The sitter, Capt. John Stewart, was born in Scotland, the son of Thomas Stewart (1739-1791) Town Clerk of Montrose, and Elizabeth Guise daughter of Capt. John Guise of the 6th Regiment of Foot. Together with three of his brothers he joined the army and later as a Captain in the 46th Regiment of Foot he commissioned from Thomas Phillips this particularly dashing portrait of himself and another of his sister, Elizabeth, wife of the eminent sculptor Henry Westmacott, both listed in the artist’s sitter book for 1813/14, (National Portrait Gallery, London). The art historian Gustav Waagen, writing of Phillips after his death, noted he was “distinguished for his true and delicate conception, his generally excellent colouring, and his conscientious and equal execution”. Qualities that are clearly to be observed and appreciated in the portrait presented here.
The portrait-painter Thomas Phillips was born in Dudley, Warwickshire, on 18th October 1770. At first apprentice to the Birmingham glass-painter Francis Eginton he came to London in 1790 with an introduction to Benjamin West who found work for him on the painted-glass windows of St. George’s Chapel, Windsor. In 1791 he began studying at the Royal Academy (of which West was co-founder) and having experimented with landscapes and historical subjects, discovered a talent for portrait-painting. Here he had to compete in an over-populated field where Lawrence, Hoppner, Beechey, Owen, and Shee already commanded considerable clienteles. By the turn of the century, though, Phillips was attracting lucrative sitters and a rapid advance in his fortune saw him paint the Prince of Wales in 1806. In the following years he portrayed many of the celebrities of the day including the poets Blake, Byron, Coleridge, Crabbe, Thomas Campbell, Rogers, and Southey, the scientists Banks, Buckland, Dalton, Davy, Faraday, and Somerville, the explorers Clapperton, Denham, Franklin, and Parry, and the artists Chantrey and Wilkie. He was elected an associate of the Royal Academy in 1804, a full member in 1808, and, in 1825, the Academy’s professor of painting. As well as authoring many occasional essays on the Fine Arts, he published his Lectures on the History and Principles of Painting in 1833. A fellow of the Royal Society and Society of Antiquaries and founding member of the Artists’ General Benevolent Institution, Phillips died in London on 20 April 1845. The art historian Brian Stewart wrote “His best works are full of character and show him to be in the top rank of portrait painters” (The Dictionary of Portrait Painters in Britain up to 1920, p.370.)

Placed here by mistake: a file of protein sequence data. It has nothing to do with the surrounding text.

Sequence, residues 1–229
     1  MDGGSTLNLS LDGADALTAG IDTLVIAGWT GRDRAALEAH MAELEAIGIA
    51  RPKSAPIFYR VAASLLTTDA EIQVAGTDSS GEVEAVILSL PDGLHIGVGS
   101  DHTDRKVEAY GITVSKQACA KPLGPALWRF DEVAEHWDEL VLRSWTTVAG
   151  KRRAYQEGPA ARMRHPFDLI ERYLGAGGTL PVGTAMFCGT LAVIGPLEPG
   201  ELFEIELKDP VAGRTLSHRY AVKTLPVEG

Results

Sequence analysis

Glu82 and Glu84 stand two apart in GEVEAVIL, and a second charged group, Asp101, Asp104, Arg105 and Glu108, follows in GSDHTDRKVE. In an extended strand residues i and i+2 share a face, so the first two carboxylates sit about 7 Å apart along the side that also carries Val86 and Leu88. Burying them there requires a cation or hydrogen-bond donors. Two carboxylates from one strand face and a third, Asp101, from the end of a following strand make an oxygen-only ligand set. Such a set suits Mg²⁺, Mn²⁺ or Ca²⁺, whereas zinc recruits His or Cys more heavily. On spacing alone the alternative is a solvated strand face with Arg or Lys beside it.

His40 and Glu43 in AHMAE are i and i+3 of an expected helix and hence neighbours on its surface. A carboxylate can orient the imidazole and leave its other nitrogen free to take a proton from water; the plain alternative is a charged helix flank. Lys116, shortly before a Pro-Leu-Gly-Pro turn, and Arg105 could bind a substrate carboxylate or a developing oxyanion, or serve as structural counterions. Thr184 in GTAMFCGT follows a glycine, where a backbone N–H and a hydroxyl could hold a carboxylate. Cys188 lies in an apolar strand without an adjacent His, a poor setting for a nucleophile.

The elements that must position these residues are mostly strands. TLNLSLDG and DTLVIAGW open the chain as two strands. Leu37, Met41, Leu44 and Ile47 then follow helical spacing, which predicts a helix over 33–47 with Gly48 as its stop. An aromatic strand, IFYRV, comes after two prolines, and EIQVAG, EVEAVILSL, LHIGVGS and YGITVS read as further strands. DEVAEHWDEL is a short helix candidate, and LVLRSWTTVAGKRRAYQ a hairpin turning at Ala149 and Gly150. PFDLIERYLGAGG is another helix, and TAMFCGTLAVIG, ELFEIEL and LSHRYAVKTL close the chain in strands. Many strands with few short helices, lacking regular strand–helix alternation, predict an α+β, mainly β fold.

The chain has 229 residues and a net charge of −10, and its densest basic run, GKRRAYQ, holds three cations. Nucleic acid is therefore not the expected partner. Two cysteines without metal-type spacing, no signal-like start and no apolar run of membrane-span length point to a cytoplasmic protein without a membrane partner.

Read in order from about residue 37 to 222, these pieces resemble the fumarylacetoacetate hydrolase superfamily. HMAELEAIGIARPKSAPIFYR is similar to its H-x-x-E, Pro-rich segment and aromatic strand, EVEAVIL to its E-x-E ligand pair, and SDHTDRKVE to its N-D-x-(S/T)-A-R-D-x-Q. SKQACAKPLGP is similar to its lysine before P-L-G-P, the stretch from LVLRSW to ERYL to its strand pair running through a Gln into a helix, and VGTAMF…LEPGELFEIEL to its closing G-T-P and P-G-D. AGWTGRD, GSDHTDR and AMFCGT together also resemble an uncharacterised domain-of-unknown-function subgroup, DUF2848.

Literature: British Army Lists 1814; Thomas Phillips sitter book, National Portrait Gallery, London – Heinz Archive; Oxford Dictionary of National Biography, 2004